Fostering a sense of pride

Pride is a feeling of accomplishment when one’s competence and achievements are recognised and appreciated and this helps to motivate people to continue achieving in the future. Praise from managers and peers are powerful motivators. Traditionally organisations have invested in recognising top performers with gifts or prizes, or organising annual celebration events. These approaches can be costly and time consuming. Digital communication and collaboration tools afford new ways to provide meaningful feedback and recognition.

Management recognition of achievement

Managers can use digital technologies to publically acknowledge and praise the achievements of employees. One academic case study showed that revenues increased in an organisation where the CEO used unified communication tools to run live Web TV Shows in which he publically called each sales team and asked them to report their results and thanked them for their achievements. During the shows other teams posted messages on the enterprise social network to cheer their colleagues performance (Quy and Shipilov, 2012). A less time consuming way for executives to make employees feel proud about their accomplishments is to click the “Like” button or comment next the posts of specific employees who they wish to single out. These symbolic and inexpensive responses have been shown to produce substantial returns in terms of increased employee motivation.

Building a professional reputation amongst peers

My research shows that enterprise social networks and collaboration platforms are commonly used by employees to build a professional reputation within their organisation. One way this can be achieved through gamification techniques where employees receive badges, points or awards for contributions made to online communities. In some organisations these have been linked to appraisal processes.  Enterprise social networks also provide a means for employees to showcase their work.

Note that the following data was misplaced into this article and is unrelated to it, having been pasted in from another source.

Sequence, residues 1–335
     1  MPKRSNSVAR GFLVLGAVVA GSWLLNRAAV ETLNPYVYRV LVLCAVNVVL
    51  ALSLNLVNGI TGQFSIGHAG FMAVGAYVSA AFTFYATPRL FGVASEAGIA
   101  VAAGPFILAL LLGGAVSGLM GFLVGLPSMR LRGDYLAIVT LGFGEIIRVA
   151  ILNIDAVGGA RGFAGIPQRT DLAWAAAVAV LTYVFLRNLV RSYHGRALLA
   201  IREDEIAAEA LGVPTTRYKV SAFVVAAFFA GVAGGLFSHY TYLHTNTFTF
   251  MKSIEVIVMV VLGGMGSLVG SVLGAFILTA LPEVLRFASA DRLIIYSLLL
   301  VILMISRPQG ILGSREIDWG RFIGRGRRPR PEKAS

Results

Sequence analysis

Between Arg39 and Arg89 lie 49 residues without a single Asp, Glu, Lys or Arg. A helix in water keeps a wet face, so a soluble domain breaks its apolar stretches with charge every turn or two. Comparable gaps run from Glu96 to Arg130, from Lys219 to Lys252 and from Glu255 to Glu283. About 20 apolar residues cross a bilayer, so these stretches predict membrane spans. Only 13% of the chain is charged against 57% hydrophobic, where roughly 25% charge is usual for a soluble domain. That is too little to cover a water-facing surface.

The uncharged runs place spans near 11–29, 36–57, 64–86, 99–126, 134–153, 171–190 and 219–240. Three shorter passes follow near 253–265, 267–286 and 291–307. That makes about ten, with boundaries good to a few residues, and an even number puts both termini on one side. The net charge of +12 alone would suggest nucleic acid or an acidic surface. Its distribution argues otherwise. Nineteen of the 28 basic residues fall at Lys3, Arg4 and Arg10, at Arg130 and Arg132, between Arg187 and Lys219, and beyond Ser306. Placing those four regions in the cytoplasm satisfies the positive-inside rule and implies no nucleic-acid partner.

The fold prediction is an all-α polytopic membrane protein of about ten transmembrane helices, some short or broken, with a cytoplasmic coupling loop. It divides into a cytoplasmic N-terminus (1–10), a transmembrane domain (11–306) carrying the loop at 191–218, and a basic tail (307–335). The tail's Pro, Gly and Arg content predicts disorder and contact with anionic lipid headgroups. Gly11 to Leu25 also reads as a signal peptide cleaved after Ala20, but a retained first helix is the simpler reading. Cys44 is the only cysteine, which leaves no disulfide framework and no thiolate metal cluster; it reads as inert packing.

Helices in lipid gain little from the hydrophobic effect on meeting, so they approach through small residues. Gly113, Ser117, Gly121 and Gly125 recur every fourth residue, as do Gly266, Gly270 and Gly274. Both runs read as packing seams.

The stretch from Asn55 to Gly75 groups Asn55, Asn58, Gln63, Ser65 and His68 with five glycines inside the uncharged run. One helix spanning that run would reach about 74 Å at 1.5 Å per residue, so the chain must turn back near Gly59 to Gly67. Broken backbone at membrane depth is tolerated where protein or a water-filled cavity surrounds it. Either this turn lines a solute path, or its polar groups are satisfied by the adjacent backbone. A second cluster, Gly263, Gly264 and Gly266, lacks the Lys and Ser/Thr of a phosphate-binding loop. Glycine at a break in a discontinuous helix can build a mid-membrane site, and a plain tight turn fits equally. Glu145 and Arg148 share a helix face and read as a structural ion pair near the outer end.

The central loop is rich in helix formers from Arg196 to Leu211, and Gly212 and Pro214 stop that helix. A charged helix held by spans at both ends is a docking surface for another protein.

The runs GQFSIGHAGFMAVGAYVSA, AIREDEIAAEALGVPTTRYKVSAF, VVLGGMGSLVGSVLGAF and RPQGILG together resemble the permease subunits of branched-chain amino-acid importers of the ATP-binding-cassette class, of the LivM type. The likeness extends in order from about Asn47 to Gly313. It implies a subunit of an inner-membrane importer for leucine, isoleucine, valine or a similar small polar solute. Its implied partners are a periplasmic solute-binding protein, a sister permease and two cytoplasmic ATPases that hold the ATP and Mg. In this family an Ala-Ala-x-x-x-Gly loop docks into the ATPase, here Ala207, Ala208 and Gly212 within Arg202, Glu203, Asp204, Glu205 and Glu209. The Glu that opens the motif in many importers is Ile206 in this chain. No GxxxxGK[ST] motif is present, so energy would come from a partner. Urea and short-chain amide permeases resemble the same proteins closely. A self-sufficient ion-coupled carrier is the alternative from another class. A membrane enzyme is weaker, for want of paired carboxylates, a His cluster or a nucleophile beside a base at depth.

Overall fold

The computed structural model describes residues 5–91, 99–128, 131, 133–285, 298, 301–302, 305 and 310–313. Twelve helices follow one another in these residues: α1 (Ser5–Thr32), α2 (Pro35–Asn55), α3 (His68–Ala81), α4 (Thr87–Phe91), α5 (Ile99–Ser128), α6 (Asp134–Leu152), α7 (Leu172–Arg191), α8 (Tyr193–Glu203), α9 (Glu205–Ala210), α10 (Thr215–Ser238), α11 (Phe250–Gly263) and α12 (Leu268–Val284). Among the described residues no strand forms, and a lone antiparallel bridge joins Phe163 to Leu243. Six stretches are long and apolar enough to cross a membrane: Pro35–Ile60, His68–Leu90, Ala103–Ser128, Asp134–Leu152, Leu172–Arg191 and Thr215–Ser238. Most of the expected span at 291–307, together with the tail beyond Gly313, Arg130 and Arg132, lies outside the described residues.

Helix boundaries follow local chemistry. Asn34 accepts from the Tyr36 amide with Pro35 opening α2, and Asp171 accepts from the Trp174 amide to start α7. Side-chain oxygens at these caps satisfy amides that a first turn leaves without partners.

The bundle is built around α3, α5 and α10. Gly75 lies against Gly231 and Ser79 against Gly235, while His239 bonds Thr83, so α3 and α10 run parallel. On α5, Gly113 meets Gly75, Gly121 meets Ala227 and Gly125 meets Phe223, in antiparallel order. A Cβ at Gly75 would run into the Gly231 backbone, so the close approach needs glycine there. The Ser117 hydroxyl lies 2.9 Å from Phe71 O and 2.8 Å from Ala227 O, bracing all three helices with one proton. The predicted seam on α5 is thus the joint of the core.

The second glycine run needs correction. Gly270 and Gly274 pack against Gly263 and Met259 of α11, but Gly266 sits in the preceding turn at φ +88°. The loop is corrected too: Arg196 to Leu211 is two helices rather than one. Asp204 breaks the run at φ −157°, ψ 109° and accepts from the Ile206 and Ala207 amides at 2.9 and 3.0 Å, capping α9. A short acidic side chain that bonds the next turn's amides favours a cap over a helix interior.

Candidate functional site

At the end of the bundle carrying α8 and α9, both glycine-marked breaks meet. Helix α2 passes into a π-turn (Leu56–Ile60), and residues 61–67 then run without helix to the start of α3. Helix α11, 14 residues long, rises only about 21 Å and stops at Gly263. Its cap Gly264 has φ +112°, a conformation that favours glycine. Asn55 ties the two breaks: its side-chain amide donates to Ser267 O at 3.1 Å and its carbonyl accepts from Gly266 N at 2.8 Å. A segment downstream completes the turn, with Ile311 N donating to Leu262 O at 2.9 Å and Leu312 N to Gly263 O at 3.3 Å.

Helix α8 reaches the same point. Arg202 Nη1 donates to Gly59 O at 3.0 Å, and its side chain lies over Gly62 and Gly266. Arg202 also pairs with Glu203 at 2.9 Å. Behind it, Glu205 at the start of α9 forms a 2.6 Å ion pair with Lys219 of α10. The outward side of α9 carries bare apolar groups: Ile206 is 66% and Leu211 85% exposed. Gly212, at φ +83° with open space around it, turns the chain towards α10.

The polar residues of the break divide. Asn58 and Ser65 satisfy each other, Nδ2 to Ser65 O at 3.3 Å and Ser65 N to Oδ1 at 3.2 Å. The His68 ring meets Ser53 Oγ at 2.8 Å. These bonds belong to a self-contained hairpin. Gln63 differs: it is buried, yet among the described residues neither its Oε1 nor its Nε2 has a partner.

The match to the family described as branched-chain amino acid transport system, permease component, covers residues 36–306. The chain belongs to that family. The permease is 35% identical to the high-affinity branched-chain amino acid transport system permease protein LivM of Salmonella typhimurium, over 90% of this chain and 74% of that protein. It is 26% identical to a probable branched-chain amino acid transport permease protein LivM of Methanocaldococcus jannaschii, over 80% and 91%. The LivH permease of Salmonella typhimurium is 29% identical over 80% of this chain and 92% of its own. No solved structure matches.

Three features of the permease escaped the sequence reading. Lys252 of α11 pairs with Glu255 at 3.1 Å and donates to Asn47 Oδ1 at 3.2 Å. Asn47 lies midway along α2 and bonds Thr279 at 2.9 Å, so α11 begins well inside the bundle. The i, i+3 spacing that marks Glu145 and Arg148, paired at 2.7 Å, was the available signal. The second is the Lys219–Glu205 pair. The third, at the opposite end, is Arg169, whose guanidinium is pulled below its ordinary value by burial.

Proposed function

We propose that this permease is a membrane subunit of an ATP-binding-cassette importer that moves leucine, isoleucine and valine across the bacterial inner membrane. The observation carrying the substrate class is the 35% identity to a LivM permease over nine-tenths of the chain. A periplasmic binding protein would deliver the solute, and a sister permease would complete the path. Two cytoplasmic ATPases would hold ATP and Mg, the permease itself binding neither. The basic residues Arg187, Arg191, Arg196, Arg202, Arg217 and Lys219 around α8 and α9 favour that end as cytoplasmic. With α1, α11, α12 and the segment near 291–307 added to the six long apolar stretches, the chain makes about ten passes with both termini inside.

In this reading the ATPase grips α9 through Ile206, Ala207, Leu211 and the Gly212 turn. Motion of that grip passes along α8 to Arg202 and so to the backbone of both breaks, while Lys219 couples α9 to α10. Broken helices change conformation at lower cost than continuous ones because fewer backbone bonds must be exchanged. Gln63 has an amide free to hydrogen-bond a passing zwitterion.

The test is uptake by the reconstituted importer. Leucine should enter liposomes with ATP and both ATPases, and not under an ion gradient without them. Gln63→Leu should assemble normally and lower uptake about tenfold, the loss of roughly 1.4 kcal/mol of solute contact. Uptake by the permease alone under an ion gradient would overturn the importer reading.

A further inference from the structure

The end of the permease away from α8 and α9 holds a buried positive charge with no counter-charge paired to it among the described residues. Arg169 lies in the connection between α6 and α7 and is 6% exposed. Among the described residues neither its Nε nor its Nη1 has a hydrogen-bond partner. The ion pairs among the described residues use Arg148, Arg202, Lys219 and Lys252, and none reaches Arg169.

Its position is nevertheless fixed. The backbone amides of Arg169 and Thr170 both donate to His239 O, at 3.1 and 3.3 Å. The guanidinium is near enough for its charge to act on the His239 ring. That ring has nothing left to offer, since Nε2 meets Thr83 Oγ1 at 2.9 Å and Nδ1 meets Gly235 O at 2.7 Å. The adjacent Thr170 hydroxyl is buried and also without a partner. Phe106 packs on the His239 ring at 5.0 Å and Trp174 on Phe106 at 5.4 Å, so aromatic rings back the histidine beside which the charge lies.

Developing a reciprocal relationship between employee and the organisation

Employee engagement can be characterised as a two way relationship between the employee and the organisation. Studies have shown how employees choose to engage themselves to varying degrees in response to the resources that they receive from employers. Bringing oneself more fully into one’s work role and devoting greater amounts of cognitive, emotional and physical resources is a very profound way for individuals to respond to an organisations actions. T

Thanks to innovations from companies such as Apple, Amazon, Facebook, and Google people have become sophisticated consumers of digital technologies in their personal lives, and they increasingly demand the same level of simplicity, speed and reliability from enterprise solutions as they are used to home. In the Deloitte 2016 Millennial survey (Deloitte, 2015) investing in a using the latest technology was cited as one of the top ten reasons for choosing to work for an organisation. Failure to meet these expectations can lead to dissatisfaction and disengagement as employees feel that they are not been given the resources necessary to do their jobs.

Building trust

Trust in the work place is essential to building employee engagement.  The relationship with one’s immediate manager can have a dramatic impact on an individual’s perception of the safety of a work environment. Technologies such as desktop video conferencing, instant messaging and enterprise social networks can play a key role in facilitating these relationships especially in work environments where employees work flexible hours or remotely.

Creating opportunities for learning, teaching and innovation